What is the future of development in Chapel Hill? The Chapel Hill Town Council will be making a pair of big decisions on Monday.
That’s when the Council votes on whether to approve a development agreement for the Glen Lennox neighborhood – and whether to proceed to the negotiation phase on another development in the works, Obey Creek.
Located just across 15/501 from Southern Village, the 120-acre Obey Creek site represents the next big phase of the ongoing discussion around development and redevelopment in Chapel Hill. (Since the town’s new comprehensive plan was approved in 2012, Chapel Hill has begun moving forward on several “future focus” areas, including Central West, Rosemary Street, and Ephesus/Fordham as well as Glen Lennox.)
Developer Roger Perry of East-West Partners has proposed a 1.5 million square foot development for the site, with 600-700 residential units, 327,000 square feet of retail (including a large anchor store, perhaps a ‘big box’), and a hotel. The proposed development would cover 35 of the 120 acres, with the rest conserved for public use, wilderness preservation, and a possible future school.
Reaction to Perry’s proposal has been mixed, at least so far. (No surprise: the discussion process is still in the early stages.) Residents and town officials generally agree that some development ought to take place at the Obey Creek site, if only to generate more retail spending: fewer dollars are spent on retail in Orange County than in any of the surrounding counties, and that in turn forces Chapel Hill’s tax burden disproportionately onto property owners. (The Town Council, indeed, just approved a one-cent property tax increase.)
But some have objected to certain features of Perry’s proposal. Its large scale is one concern: some have proposed a smaller development, closer to 750,000 square feet than 1.5 million. (Perry has argued, in response, that a certain level of density is necessary to make the project financially viable.) Others have expressed concerns about the environmental effects, pedestrian and bike accessibility, and the impact on traffic on 15/501 (which is already busy in that area). And still others have emphasized the need to make sure that Obey Creek has a “sense of place”: aesthetically pleasing, with a real connection to Southern Village and a feeling of being Chapel Hill’s southern ‘gateway.’ (Some residents involved in the discussion have held up the East 54 development – also Perry’s – as a cautionary example in this vein: the East 54 development isn’t as inviting as it could be, they say, because drivers along Route 54 can only see the backs of the buildings.)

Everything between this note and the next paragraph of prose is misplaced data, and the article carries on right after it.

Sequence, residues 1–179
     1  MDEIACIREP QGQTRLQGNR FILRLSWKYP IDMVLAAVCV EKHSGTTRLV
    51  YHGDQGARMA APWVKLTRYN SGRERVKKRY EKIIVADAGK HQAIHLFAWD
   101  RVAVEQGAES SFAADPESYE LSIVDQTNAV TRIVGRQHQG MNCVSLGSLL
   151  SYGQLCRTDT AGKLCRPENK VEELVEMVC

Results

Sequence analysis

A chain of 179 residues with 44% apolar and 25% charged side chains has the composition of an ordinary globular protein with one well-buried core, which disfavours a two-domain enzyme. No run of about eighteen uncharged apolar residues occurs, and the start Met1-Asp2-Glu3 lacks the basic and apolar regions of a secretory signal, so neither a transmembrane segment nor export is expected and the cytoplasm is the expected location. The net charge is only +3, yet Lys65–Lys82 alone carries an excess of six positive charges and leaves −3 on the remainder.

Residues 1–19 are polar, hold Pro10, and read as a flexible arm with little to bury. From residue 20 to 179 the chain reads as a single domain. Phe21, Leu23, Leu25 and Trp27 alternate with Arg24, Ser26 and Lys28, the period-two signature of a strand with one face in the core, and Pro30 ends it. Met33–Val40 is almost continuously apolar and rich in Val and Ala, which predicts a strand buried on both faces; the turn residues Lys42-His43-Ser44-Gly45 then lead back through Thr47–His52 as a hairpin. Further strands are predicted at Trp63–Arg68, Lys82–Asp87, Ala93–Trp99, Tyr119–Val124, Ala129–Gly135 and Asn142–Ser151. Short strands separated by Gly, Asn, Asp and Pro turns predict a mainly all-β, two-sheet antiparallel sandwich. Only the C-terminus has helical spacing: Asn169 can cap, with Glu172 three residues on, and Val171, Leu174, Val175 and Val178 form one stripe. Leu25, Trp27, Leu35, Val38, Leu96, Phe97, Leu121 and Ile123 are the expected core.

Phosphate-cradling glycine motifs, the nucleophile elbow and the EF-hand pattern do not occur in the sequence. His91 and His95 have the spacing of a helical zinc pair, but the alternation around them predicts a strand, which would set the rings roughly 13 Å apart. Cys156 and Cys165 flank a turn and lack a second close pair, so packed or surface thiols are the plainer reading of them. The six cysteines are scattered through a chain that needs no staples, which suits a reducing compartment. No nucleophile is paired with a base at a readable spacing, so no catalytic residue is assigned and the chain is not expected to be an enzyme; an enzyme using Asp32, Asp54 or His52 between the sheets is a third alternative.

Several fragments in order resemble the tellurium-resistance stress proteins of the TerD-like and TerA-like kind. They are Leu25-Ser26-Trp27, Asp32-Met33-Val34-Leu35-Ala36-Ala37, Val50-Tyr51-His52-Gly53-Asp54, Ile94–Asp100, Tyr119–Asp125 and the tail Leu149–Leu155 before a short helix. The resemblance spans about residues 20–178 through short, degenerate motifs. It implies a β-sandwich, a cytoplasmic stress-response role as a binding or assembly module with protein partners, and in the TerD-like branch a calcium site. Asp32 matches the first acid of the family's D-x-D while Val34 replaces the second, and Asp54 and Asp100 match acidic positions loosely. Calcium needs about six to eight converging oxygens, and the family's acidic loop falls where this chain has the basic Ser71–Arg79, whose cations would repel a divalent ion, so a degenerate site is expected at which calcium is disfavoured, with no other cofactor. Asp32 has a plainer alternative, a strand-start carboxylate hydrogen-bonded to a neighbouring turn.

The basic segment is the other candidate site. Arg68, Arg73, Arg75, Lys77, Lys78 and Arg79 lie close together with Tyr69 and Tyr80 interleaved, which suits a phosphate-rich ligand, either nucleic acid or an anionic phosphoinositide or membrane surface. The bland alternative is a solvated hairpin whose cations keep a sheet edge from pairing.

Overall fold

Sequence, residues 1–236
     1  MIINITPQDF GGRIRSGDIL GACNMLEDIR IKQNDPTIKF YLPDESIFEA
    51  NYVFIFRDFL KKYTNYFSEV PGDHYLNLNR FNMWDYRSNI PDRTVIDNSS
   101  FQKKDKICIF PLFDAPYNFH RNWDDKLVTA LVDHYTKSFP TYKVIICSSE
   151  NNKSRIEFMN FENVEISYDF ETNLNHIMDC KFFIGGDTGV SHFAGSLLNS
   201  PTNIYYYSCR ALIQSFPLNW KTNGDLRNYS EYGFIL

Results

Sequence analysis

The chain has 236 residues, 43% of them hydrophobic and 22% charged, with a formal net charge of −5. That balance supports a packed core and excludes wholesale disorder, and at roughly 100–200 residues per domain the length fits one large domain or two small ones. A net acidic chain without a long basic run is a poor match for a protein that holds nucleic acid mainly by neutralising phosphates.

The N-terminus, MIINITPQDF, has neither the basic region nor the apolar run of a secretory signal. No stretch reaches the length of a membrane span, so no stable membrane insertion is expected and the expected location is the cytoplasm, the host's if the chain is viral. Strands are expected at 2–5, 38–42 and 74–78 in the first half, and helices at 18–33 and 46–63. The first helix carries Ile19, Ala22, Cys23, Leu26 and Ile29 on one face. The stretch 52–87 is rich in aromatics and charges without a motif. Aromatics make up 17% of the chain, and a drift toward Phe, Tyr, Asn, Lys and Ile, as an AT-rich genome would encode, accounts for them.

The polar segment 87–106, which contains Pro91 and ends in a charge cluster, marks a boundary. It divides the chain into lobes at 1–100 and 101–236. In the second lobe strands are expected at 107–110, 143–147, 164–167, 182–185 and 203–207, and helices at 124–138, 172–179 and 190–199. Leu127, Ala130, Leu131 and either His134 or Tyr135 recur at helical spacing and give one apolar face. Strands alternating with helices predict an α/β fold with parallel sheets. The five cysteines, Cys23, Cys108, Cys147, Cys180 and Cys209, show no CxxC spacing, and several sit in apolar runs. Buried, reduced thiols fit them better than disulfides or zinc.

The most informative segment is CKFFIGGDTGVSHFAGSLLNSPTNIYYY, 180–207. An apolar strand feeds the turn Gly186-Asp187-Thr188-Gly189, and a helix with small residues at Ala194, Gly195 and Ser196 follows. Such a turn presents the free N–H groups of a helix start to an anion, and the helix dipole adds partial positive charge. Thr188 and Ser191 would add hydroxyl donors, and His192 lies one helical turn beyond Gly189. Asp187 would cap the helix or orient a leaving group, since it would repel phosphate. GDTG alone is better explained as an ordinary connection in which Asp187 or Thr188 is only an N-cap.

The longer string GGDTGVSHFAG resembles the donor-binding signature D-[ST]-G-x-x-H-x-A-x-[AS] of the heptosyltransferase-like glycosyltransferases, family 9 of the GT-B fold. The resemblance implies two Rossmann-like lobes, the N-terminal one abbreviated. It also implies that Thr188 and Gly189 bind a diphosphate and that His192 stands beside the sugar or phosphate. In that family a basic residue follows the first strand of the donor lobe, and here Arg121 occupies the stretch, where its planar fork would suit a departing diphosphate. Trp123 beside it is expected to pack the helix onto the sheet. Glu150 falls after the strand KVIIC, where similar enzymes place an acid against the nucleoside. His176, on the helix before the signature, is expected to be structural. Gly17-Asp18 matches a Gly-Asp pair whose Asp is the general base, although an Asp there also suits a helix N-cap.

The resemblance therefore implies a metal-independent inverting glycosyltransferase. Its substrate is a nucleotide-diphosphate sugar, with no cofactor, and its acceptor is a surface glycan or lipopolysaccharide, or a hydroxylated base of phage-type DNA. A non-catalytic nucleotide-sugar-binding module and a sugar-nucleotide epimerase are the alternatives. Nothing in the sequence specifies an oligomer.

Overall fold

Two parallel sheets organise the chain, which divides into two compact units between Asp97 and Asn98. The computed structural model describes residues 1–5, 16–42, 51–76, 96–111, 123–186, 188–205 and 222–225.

Last year, the Town of Chapel Hill appointed 17 residents to a committee, to study the proposal, solicit public feedback, and provide recommendations on moving forward. On December 16 of last year, the Obey Creek Compass Committee submitted its final 43-page report.
Committee members say they have some concerns about the proposal that’s currently on the table, but they’re confident the disagreements can be worked out before final approval from the Town Council.
And all of these discussions are taking place in the wake of Chatham County’s recent approval of Chatham Park – a massive development that’s set to add about 60,000 residents to Pittsboro over the next three decades. (Pittsboro’s current population is about 3,000.) How that will affect development in Chapel Hill – or the entire Triangle, for that matter – remains to be seen.
Two weeks ago, WCHL’s Jim Heavner spoke at length with Roger Perry about the Obey Creek project and the state of development in Chapel Hill.
And last week, Aaron Keck welcomed several key town officials and Compass Committee members into the studio to talk about Obey Creek – as well as Glen Lennox, Chatham Park, and development in general in Chapel Hill.
Listen to Part 1 of Aaron’s conversation with Jeanne Brown and Susan Lindsay of the Obey Creek Compass Committee:
And Part 2:
Listen to Aaron’s conversation with Chapel Hill Mayor Mark Kleinschmidt:
Listen to Part 1 of Aaron’s conversation with Kristen Smith of the Chapel Hill-Carrboro Chamber of Commerce:
And Part 2:
Finally, listen to Aaron’s conversation with Chapel Hill Economic Development Officer Dwight Bassett:
The Town Council meets on Monday night at 5:30 in the Southern Human Services Center.http://chapelboro.com/news/local-government/town-leaders-talk-obey-creek-glen-lennox-chatham-park/